Ohio Attorney General Dave Yost has asked a federal court to stop a landmark opioid trial from proceeding in October, a move Summit County Executive Ilene Shapiro quickly criticized.
The petition from Yost to the 6th U.S. Circuit Court of Appeals asks the court to halt or delay the trial against opioid manufacturers in Cleveland until the state's complaint goes to trial.
“The rest of Ohio — and Ohio itself — is being left behind in the MDL [multidistrict litigation] lawsuit in Cleveland,” Yost said in a prepared statement. “The hardest-hit counties of Appalachia and the vast majority of the state are being asked to take a number and wait — and that wait could delay or prevent justice.”
Some 2,000 lawsuits filed by local jurisdictions have been consolidated into one federal case in Cleveland, with Summit and Cuyahoga counties serving as the lead plaintiffs. Gov. Mike DeWine has filed separate lawsuits on behalf of the state.
Yost said only two counties of Ohio’s 88 — Summit and Cuyahoga — have a say in the October trial. He is arguing that although each Ohio county should have equal access to money from a settlement or jury verdict, that money should come in a single action by the state.
“All these lawsuits are the same, against the same bad actors,” Yost said.
Trying cases one at a time could result in contradictory verdicts and inconsistent damage awards, Yost said. He added that the “unprecedented” number of individual parties could lead to an “endless” stream of trials instead of settlements.
In the statement, Yost said Ohio’s interests as a whole are “far greater than the sum of its subdivisions’ interests — and the statewide, collective harm to Ohio’s citizens are not rights that Ohio’s political subdivisions can litigate or settle, let alone settle on their own.”
Shapiro disagreed, saying in a prepared statement that the prevention, education and treatment costs fall to local governments, like Summit and Cuyahoga counties, and the burden of information-gathering and preparing for trial “has likewise been borne by those of us on the front lines.”
She called the action “an eleventh-hour move by Yost” that is “both disappointing and frustrating.”
“We are ready for our day in court and have no plans to change course,” she said.
Earlier this week, Yost faced backlash from Shapiro, Akron Mayor Dan Horrigan, DeWine and other local leaders over a plan that would give the attorney general the authority to handle and dismiss lawsuits filed anywhere in Ohio against opioid manufacturers and distributors.
The proposal, drafted by three lawmakers working with Yost, also would give the state legislature, not local communities that contend they have spent millions of dollars to fight addiction and overdoses, the power to divvy up proceeds from those lawsuits and settlements.
“When proposed unconstitutional legislative action was immediately rejected by community members and Governor DeWine alike, Attorney General Yost is now seeking injunctive relief through the courts, a move that is also without legal basis,” Shapiro said.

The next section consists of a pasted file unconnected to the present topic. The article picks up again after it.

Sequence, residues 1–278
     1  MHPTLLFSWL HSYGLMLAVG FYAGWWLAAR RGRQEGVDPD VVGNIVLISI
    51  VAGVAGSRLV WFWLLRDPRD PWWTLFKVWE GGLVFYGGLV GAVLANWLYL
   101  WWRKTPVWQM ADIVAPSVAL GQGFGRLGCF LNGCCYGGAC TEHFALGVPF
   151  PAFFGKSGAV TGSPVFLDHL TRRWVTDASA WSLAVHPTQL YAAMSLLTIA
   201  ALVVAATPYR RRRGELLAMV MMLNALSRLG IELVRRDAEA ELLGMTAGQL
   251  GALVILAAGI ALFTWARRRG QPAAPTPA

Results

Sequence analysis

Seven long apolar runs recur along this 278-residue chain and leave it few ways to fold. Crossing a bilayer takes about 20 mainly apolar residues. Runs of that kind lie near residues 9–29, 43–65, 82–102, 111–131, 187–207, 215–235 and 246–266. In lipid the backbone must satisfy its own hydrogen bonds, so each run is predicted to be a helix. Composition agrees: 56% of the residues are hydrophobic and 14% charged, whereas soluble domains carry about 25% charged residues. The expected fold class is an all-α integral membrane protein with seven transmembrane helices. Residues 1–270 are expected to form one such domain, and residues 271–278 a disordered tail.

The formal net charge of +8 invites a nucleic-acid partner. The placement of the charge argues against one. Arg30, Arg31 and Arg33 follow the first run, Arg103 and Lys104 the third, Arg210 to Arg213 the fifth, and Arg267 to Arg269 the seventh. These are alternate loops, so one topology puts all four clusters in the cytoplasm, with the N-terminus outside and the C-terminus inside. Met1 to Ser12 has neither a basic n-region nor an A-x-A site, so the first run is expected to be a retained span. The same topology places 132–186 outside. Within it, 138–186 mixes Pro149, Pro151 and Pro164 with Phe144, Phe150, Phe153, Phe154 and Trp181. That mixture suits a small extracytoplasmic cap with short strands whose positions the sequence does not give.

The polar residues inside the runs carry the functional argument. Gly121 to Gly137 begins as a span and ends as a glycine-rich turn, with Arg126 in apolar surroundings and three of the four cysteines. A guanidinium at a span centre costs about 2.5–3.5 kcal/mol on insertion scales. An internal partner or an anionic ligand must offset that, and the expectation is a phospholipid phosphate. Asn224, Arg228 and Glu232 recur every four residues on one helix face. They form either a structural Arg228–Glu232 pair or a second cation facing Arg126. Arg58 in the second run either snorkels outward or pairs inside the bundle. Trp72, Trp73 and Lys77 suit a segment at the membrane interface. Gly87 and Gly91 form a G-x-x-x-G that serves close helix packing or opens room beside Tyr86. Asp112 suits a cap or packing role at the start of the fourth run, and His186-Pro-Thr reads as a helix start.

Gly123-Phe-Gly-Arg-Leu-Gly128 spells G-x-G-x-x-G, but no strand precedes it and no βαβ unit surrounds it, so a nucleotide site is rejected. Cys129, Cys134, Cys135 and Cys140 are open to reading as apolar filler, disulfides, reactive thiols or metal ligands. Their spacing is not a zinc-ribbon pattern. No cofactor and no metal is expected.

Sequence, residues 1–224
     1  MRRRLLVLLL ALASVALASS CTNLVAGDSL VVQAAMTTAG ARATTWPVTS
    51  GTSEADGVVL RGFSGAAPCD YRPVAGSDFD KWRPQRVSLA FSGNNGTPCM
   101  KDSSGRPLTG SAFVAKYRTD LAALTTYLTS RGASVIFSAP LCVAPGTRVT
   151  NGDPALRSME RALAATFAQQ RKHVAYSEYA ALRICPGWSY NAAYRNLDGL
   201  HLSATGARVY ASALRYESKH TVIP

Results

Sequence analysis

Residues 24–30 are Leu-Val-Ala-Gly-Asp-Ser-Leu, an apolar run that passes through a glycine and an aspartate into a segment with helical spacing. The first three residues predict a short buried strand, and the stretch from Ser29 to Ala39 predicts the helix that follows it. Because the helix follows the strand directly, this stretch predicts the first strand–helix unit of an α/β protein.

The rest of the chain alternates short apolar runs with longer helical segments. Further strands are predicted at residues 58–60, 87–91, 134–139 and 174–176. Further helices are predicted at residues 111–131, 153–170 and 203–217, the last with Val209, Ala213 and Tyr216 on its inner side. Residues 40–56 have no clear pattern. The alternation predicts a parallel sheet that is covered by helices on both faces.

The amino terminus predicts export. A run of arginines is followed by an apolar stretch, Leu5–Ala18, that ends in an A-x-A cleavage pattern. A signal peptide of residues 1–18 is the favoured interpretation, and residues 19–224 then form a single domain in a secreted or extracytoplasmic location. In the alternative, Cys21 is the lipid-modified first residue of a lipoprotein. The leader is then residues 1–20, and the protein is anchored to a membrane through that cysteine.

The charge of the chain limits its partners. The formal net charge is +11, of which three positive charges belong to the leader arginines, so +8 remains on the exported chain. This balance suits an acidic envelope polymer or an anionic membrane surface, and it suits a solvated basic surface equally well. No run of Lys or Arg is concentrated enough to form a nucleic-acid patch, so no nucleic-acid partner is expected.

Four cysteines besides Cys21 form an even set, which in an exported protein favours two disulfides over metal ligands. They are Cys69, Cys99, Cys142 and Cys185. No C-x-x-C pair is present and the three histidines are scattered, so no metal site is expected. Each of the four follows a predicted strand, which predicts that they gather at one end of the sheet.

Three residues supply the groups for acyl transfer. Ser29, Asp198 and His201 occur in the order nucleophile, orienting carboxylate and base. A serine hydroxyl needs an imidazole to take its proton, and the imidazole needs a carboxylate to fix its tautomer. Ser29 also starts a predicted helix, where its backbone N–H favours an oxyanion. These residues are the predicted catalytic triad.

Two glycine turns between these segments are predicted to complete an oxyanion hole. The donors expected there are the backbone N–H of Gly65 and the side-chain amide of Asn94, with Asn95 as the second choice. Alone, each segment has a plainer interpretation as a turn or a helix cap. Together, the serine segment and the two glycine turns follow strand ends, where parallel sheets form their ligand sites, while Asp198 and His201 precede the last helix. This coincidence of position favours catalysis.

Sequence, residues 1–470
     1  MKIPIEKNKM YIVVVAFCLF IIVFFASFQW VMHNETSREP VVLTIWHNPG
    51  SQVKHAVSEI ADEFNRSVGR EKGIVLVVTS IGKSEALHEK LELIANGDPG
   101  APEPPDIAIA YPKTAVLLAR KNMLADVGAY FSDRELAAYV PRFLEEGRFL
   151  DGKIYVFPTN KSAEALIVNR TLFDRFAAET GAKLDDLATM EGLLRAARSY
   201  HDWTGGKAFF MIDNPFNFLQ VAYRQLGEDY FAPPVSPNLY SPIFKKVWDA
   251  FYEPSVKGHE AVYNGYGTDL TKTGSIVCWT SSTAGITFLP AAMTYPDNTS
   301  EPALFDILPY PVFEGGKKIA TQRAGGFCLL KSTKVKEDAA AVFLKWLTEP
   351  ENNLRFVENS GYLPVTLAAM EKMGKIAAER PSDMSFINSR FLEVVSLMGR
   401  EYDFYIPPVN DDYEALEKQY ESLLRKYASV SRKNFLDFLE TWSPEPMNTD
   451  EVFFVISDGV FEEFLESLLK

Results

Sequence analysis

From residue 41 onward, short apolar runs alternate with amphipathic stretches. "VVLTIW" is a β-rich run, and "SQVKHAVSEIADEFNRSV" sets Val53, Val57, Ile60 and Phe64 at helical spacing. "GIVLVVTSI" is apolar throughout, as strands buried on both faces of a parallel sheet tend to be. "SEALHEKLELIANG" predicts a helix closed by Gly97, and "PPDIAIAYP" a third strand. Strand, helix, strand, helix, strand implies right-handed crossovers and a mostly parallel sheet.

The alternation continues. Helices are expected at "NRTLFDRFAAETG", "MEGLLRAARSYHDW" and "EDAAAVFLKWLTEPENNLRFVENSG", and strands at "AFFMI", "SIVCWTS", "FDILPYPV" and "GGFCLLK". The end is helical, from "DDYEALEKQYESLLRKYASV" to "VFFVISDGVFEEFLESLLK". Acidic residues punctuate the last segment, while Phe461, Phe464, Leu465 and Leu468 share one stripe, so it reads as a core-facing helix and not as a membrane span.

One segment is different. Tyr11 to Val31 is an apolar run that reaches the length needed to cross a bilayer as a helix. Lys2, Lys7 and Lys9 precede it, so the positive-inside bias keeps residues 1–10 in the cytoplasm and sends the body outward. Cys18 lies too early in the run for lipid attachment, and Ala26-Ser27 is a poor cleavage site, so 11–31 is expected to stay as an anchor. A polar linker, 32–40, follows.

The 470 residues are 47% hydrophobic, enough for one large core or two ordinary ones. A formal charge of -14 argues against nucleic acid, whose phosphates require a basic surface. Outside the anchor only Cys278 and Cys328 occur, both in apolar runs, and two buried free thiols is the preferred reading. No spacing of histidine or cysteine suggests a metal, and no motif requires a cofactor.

Horrigan said, "Yost has unfortunately chosen to double down on a bad decision, and is wasting state resources in the process" with the filing in federal court.
"Apparently what he could not obtain through democratic processes, he thinks he can steal in court. And one has to question — why now?" Horrigan said in a prepared statement, adding he was "once again disappointed by the Attorney General’s lack of appreciation for local communities’ constitutionally-protected interest in pursuing justice for the first responders, taxpayers, and neighborhoods directly burdened by this epidemic."
"I stand with my fellow counties and cities in protecting what we have worked so hard to build together — viable, meaningful and necessary litigation against the opioid manufacturers that preyed upon our citizens and devastated our communities," Horrigan said in the statement. "I look forward to the day I can pick up the phone and call Fire Chief Clarence Tucker and tell him that his department and the incredible men and women on the front lines of this fight will finally be compensated for at least some of the damage done. It can never erase the toll this epidemic has taken on our community, but it will help us begin to rebuild. Respectfully, no State AG is going to take that away from us.”
Summit County and 21 public agencies, towns, cities and villages in it launched a lawsuit in late 2017 demanding that 11 makers and three distributors of pain pills pay for the hundreds of overdose deaths and millions of dollars in public funds spent on the opioid crisis. Last week, Summit and Cuyahoga counties reached tentative settlements totaling $15 million with Endo and Allergan, which manufacture opioids.
Shapiro encouraged Yost to work with local communities, not against them.
“Our first responders, emergency teams, police force, public health and addiction treatment services, children’s services, and many more are right here, living in our communities, and are responding to the opioid epidemic every day," she said. "At this level of government, we are in the best position to serve our local communities and we know what we have spent and what we need for the future.”